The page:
Johnson & Johnson has confirmed an agreement to fork over at least $2.5 billion to settle thousands of lawsuits alleging injuries caused by defective all-metal hip implants. A large majority of eligible plaintiffs reportedly must support the agreement for it to go forward, and legions of legal cases not included in the deal will remain in play.
With more than 10,000 lawsuits already in the mix, Johnson & Johnson must deal with yet another patient's allegation's that company knowingly sold faulty metal hip implants and didn't warn the public.
Johnson & Johnson has had enough with metal-on-metal and ceramic-on-metal hips, disclosing that it will leave those business lines entirely behind by the end of 2014.
After losing two jury trials, Johnson & Johnson/DePuy can now celebrate the fact that a jury has ruled in its favor regarding the company's ASR all metal hip implant.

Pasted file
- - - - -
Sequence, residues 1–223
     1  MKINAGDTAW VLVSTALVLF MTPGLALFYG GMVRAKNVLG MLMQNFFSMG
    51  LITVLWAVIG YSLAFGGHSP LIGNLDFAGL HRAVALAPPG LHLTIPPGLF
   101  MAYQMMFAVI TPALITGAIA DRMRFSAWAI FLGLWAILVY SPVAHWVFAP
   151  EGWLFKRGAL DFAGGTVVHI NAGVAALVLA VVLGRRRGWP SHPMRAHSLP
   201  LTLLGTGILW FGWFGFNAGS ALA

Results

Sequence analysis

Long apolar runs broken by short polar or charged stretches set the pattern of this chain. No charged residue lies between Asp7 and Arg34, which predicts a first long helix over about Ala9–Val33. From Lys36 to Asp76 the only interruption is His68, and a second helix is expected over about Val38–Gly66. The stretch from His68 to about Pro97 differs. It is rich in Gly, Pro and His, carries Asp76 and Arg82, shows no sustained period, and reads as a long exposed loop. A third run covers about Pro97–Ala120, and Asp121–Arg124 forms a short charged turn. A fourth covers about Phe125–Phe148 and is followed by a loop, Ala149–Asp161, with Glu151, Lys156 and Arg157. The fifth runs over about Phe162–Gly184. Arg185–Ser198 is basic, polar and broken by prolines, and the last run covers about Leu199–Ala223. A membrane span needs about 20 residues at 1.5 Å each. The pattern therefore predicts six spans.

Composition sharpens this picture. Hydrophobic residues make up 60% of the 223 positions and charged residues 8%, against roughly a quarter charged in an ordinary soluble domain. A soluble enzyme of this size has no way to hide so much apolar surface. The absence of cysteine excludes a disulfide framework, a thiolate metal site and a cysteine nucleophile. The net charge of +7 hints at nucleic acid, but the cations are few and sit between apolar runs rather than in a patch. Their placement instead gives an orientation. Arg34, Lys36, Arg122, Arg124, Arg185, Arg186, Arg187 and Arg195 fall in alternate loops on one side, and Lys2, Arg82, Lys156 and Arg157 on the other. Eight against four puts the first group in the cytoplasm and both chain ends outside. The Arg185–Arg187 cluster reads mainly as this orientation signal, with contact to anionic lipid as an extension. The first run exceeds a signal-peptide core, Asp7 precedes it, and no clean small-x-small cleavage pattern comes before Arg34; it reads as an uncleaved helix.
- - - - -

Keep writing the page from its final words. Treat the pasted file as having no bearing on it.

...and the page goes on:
Johnson & Johnson's $8.3 million defeat in a U.S. jury trial over its ASR metal-on-metal hip implant could force it to settle a massive class action lawsuit in Australia over the same product.
As if 8,000-plus lawsuits alleging faulty all metal helps weren't enough, Johnson & Johnson/DePuy data from an Illinois hospital suggests that repeat surgeries for patients dealing with the implants keep rising.
A Johnson & Johnson executive testified that the company recalled its all-metal hip replacements because they didn't meet "clinical expectations," not because they were defective, but that doesn't quite jibe with internal documents.
When Johnson & Johnson's metal-on-metal hip implants failed an internal safety test, the company opted against fixing the issue and instead just changed its protocols, a witness testified in one of thousands of lawsuits the drug and device giant now faces.
Johnson & Johnson was aware of the alarming failure rates of ASR hip implants a year before the company stopped making them and two years before they were recalled.
Three plaintiffs settled their lawsuits against Johnson & Johnson ($JNJ)/DePuy over health problems they say stemmed from the failure of the company's metal-on-metal hip implants.